WHITEHAWK: There is a war going on, a conflict of two different types of value systems. One is the profit motive, and one is a reciprocal relationship with the environment. It's a spiritual battle and the results are environmental damage, cultural degradation, the loss of spiritual values. Because these spiritual values are the underpinnings that hold us together and to the earth that we stand upon.
GOLDTOOTH: Welcome to this, our workshop session on environmental regulations and laws. What we've done . . . (fade under)
DANNY BILLY: In the circle of life, wherever it may be, it may be a piece of grass or it may be a little insect that's in that circle, and if you destroy that one thing, it can create the destruction of the whole circle, and so like with we go into courts, and cases where we're fighting for our rights, it may be a land claim or it may be self-determination, it's all involved because it's in that circle. And so if we lose a case, the Red People, the Indian people lose a case in court, it's a loss for everyone.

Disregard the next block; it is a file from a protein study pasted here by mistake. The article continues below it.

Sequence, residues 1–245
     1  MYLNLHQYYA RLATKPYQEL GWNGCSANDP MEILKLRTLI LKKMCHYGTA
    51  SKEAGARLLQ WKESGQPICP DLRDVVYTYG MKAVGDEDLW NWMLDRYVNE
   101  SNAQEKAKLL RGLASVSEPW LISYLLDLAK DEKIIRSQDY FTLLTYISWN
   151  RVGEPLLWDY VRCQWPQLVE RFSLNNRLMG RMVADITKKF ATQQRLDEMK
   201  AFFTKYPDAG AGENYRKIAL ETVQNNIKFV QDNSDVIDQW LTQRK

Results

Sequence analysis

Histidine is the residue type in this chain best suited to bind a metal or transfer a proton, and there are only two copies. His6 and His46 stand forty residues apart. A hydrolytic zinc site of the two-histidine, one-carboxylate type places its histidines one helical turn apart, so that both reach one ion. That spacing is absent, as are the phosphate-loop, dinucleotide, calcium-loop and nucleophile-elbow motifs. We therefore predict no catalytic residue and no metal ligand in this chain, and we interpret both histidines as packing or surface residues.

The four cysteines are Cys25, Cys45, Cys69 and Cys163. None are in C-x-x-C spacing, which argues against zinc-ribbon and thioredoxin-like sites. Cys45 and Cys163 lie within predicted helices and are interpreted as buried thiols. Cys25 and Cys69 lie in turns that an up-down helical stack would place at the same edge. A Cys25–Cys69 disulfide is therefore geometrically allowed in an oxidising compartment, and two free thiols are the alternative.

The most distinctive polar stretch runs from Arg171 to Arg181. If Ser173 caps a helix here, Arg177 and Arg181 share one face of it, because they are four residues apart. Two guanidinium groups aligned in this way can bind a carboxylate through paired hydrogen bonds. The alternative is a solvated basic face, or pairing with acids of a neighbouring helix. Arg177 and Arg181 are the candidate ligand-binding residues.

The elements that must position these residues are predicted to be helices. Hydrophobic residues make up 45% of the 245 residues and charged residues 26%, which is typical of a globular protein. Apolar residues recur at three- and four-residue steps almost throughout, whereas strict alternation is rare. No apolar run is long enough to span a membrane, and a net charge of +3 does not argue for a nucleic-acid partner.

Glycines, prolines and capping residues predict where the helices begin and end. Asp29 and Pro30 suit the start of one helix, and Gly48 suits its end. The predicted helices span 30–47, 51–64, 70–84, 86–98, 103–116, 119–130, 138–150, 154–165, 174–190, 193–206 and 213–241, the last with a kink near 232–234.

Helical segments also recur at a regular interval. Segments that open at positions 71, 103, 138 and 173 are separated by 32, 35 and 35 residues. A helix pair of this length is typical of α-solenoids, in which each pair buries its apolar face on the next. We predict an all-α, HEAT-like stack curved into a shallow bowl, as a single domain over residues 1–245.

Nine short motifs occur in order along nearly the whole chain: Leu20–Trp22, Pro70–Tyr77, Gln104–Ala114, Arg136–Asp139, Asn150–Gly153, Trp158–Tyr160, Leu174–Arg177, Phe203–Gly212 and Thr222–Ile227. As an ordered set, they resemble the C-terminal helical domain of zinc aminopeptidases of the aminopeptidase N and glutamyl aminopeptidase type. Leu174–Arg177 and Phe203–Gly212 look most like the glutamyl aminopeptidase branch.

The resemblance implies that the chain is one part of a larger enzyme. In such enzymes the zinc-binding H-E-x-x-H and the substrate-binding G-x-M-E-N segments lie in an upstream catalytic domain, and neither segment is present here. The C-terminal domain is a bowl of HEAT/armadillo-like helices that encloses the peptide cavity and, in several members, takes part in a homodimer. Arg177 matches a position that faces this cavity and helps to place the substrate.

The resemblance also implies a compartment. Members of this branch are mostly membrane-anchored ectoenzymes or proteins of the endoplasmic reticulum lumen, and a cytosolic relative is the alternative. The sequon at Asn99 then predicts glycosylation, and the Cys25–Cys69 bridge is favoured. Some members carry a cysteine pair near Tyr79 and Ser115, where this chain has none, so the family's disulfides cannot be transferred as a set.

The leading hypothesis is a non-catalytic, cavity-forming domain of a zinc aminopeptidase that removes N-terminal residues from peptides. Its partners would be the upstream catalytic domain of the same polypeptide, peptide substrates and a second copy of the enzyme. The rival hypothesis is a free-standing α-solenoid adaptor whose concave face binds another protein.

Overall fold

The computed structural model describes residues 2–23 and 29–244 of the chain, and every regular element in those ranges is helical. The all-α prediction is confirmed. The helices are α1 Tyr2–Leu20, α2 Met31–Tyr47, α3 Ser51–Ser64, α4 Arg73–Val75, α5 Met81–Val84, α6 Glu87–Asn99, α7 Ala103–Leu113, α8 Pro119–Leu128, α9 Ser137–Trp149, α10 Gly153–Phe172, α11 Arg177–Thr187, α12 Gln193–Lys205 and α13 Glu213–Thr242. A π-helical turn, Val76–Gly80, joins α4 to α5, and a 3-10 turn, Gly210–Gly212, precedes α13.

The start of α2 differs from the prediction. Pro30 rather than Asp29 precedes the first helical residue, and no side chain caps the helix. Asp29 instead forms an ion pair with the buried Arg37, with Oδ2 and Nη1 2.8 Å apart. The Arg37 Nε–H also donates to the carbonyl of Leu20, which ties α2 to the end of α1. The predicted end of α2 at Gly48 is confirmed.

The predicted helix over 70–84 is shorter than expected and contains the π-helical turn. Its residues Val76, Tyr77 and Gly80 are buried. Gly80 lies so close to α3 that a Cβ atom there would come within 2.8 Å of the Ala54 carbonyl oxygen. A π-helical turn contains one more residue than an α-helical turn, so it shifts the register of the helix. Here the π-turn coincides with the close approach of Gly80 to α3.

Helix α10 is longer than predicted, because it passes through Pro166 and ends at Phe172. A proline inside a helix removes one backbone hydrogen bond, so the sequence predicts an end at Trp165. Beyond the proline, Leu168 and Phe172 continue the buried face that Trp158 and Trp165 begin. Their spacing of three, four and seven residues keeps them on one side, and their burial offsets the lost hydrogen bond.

WALT BRESETTE: Well, it's obvious, it's an ultimate truth and it resonates, this larger reality of destruction. And it's really a message to the rest of us. And it's not just to those white people. It's to the Lake Superior Chippewa and everyone else who is taking that path which will ultimately lead to the extinction of the traditional Seminole or the Purple Warrior Band Clan [sic] or the spotted owl. We're next, once we allow that to happen.
ANNA FRAZIER: You become protective of these things, that's your environment and the land you live on and your family and your people. Your people, you know, you're just kind of like the eyes and ears of your elders who are uneducated, don't know how to speak the white man's language. So you begin to talk for them, see for them, read, you know, the different types of material that come about that has to do with all these contaminating stuff, you know, toxic waste and asbestos plants.
AMOS JOHNSON: If you went back, like, 200 years ago, we were the warriors. But today we're fighting a different kind of battle. It's like, you know, we're fighting chemicals companies, landfills and so on. And although as today's warriors, which has always been the role of the warrior in the old days, is to protect the young, the old, the land, the tradition, the culture.